I have done informal tests of more than 100 LED products from a variety of credible manufacturers to see how different systems perform. In my experience, most LEDs work great. However, I have seen some anomalies that I will share with you so you don’t pull your hair out when unexpected LED weirdness occurs.
Impacts from Dimming and Inconsistent Voltage
Many of you already know that certain LEDs do not perform well with certain types of dimmers. LEDs can flicker intermittently or prematurely burn out. For a simple wall switch, it's good to have a dimmer that has multiple adjustment possibilities, such as variable light output as well as variable "kickstart." Although I have seen good performance with these, some LED brands will occasionally flicker even with a good “LED compatible dimmer.” I hope that in the future LED and dimmer manufacturers will list compatible brands/models on their packaging.
Power quality and consistent voltage is another prerequisite for good LED performance. If your electrical system’s voltage is occasionally strained by a relatively large load (motor, refrigerator, laser printer, etc.) and the voltage drops, you can witness a half-second blink from the LEDs. This makes sense because the LEDs do not have a transformer (like fluorescent systems do) that absorbs voltage spikes like a car’s shock absorbers dampen bumps for a smooth ride. Incandescent lamps also blink if the voltage drops; however, because incandescent lamps “glow,” the blinking isn't as noticeable.
Another anomaly I had heard about – but didn’t initially believe – is that a single compact fluorescent lamp (CFL) can influence LEDs on a different circuit in the same building. I actually witnessed this anomaly and saw my LED lights flickering until I unscrewed the one CFL in the building, and the LEDs stopped flickering. I cannot explain this phenomenon other than that the CFL must have been generating some harmonics that traveled back to the breaker box and influenced the other circuits. For curiosity’s sake, I ran tests on the LEDs and CFLs and found lower harmonic distortion in the LEDs than in the CFLs.
I Become an Investigator in My Own Facility
I witnessed most of the previously mentioned anomalies when my wife and I bought a two-story building and renovated the first floor (about 4,000 square feet) for her new medical clinic. We decided to use recessed can fixtures with screw-in LEDs, and we picked a major brand for these LEDs. I chose screw-in LEDs because I figured that as LEDs continue to improve over time, we could upgrade the lamps easily in the future.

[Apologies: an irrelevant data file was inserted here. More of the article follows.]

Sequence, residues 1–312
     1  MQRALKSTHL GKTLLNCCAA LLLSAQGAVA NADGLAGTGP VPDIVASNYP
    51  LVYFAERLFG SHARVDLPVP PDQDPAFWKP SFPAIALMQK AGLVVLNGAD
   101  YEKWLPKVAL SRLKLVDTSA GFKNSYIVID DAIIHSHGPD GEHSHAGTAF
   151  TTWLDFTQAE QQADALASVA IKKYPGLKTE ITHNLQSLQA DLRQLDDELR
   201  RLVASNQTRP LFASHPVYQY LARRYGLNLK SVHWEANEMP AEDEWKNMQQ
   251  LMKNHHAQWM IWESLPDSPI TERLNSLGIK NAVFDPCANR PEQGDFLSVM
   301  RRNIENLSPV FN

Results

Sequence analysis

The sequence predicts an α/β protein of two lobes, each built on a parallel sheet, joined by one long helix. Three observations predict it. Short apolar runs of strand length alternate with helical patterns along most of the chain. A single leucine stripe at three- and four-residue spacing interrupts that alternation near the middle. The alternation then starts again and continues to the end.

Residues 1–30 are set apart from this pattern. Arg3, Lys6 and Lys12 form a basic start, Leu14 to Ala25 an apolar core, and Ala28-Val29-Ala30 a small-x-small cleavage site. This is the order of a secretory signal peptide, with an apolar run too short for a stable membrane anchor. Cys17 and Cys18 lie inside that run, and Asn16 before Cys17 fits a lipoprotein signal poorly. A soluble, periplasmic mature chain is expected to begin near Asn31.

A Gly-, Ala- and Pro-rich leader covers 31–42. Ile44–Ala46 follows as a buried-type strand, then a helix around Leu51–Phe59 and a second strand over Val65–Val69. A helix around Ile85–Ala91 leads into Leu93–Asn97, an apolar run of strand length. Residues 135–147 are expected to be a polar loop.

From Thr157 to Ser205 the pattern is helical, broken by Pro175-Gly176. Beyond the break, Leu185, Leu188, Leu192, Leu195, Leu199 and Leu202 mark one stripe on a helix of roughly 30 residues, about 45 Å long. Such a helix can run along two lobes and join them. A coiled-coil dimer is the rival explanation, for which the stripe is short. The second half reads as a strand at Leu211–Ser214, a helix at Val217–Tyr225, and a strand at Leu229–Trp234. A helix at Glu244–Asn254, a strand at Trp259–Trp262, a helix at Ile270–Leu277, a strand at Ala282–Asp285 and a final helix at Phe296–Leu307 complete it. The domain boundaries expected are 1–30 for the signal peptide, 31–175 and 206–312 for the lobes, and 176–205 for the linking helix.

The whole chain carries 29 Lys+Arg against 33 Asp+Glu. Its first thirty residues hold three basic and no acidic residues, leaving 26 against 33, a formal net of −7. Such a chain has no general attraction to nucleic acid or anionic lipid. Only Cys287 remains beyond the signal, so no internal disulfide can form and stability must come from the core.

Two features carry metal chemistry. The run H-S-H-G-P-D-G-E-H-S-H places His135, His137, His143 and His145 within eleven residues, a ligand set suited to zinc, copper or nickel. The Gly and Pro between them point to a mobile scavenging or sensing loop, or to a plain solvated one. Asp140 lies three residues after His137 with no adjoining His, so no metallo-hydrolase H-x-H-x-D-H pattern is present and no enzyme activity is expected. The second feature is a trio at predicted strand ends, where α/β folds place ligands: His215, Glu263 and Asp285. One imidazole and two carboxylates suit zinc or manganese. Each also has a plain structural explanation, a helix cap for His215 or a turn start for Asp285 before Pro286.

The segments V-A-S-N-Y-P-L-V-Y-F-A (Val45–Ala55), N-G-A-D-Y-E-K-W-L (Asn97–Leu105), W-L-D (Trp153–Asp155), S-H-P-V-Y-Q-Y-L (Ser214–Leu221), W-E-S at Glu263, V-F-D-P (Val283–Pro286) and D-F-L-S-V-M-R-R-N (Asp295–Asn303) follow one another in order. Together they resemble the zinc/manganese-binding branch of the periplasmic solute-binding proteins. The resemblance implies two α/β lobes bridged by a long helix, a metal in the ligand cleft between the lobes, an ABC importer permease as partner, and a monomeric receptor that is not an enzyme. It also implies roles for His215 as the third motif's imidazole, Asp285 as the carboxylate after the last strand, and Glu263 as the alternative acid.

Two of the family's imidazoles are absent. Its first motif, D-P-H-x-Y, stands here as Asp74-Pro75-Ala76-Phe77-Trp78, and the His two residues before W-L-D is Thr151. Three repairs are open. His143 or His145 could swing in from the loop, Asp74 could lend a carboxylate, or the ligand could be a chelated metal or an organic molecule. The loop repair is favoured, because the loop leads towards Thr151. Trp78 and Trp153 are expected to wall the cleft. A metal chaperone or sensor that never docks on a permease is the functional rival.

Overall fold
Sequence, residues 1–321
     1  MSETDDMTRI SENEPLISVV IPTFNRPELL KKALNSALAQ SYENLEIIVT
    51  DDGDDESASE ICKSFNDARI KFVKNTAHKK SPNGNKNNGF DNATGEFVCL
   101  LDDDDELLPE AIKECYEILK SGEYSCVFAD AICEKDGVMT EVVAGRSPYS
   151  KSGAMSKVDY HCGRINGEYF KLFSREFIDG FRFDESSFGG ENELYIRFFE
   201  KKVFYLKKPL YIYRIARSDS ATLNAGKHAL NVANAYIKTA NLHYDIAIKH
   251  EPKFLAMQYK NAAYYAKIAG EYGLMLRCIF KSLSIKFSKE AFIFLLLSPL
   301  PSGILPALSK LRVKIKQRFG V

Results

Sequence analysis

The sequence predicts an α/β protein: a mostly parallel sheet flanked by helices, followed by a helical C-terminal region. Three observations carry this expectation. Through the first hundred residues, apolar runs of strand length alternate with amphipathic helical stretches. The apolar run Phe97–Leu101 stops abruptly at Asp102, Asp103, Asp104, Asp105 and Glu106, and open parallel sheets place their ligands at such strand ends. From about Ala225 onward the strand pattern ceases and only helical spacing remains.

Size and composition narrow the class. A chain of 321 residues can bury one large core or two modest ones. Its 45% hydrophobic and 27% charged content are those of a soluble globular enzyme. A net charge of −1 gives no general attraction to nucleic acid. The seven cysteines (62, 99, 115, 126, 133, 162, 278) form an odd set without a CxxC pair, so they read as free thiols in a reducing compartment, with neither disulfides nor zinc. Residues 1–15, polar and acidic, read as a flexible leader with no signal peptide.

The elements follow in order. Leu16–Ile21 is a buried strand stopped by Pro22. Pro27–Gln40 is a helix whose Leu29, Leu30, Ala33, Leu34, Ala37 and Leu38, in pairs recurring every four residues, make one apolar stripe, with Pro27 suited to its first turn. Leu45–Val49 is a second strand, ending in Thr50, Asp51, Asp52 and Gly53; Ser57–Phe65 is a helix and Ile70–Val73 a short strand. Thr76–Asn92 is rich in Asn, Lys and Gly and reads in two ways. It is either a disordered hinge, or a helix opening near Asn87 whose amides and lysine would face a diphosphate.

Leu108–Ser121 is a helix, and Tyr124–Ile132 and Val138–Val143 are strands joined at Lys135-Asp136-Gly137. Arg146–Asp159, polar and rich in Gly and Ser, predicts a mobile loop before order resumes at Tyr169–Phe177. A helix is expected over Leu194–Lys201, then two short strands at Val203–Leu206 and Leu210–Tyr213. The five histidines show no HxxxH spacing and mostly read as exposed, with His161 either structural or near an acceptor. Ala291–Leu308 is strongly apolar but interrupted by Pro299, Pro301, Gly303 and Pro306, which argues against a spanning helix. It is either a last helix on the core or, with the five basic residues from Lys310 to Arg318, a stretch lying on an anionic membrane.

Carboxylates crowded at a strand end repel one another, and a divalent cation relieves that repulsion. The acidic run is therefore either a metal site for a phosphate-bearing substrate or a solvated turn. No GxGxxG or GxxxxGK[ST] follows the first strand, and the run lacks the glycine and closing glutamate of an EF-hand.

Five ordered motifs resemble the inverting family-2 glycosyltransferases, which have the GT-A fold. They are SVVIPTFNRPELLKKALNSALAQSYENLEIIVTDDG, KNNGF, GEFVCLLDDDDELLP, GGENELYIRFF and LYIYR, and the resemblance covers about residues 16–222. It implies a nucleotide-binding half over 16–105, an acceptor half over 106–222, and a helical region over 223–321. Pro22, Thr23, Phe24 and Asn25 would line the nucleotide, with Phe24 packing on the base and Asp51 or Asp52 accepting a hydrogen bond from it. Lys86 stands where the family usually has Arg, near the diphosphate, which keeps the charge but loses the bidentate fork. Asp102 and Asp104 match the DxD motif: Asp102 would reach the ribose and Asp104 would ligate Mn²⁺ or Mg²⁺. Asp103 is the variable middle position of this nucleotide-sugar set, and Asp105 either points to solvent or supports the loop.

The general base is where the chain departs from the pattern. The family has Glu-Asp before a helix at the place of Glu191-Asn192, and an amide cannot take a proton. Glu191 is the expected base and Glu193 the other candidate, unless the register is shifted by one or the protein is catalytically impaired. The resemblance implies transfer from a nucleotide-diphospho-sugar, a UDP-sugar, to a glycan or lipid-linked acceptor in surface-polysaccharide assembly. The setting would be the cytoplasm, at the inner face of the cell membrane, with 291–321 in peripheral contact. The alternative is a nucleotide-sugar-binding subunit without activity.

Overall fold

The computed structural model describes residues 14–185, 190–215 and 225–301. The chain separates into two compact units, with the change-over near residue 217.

As we prepared for the grand opening, we noticed that the LEDs were flickering about 10 times per hour. It was noticeable – as was my wife’s frustration with me, her landlord and “energy expert.” For my own survival, I changed the LEDs to a different brand, installed different dimmers and made several other modifications to correct the problem. No improvement. I even tried putting battery backups/capacitors/surge suppressors on all of our printers so that the voltage drop caused by them would be minimized. Despite all my modifications downstream from the breaker box, the problem did not improve.
One day, I looked outside the building and noticed that my 2nd floor tenant's HVAC condenser was cycling on and off about every six minutes or so and that this behavior correlated precisely with the LED flickering inside our clinic. The electricity serving both floors comes from a shared bus bar outside the building, so I thought that I had identified the problem. I checked the inrush (start-up) amp draw from the 2nd floor condenser – but it was normal.
I asked the utility to test the supply line’s voltage coming from the utility pole. A lineman took measurements and assured me that the voltage was fine and consistent, yet at the same time, the 2nd floor condenser was cycling and I could see the lights inside the building flicker. I was frustrated.
Luckily I noticed that the lineman’s measurement instrument used a five-second average that could not detect a voltage drop lasting only one-tenth to one-half second. I explained that it was similar to saying that because the temperature is 72 degrees outside today, it's going to be 72 degrees all the time for the next five days. The lineman didn't agree, and the flickering continued. The pressure from the wife increased.
Finally, we got the utility's engineers involved. They quickly determined that just prior to the renovation, they had moved our building's pole-mounted transformer about 300 feet down the road, too far away to maintain voltage. Once the transformers were relocated next to our building, our supply voltage became more consistent and almost all of our LED flickering went away. However, even today if I put a certain brand of CFL into a socket in our building, I see the other LEDs flicker, apparently from the harmonics! So I have had to coach employees to buy LEDs only and never install a CFL.
The Importance of Testing Before Buying
Whatever you do with your LEDs, make sure you test several samples in your own building/circuits before you buy thousands more. You want to make sure the system works without flicker or other problems. The anomalies mentioned in this article are rare, but at least you’ll know you’re not crazy if you experience them.
I would love to hear your stories about weird lighting problems. Please email me at eric@ProfitableGreenSolutions.com.
Eric A. Woodroof, Ph.D., is the Chairman of the Board for the Certified Carbon Reduction Manager (CRM) program and he has been a board member of the Certified Energy Manager (CEM) Program since 1999. His clients include government agencies, airports, utilities, cities, universities and foreign governments. Private clients include IBM, Pepsi, GM, Verizon, Hertz, Visteon, JP Morgan-Chase, and Lockheed Martin. In August 2014, he was named to the Association of Energy Engineers (AEE) Energy Managers Hall of Fame.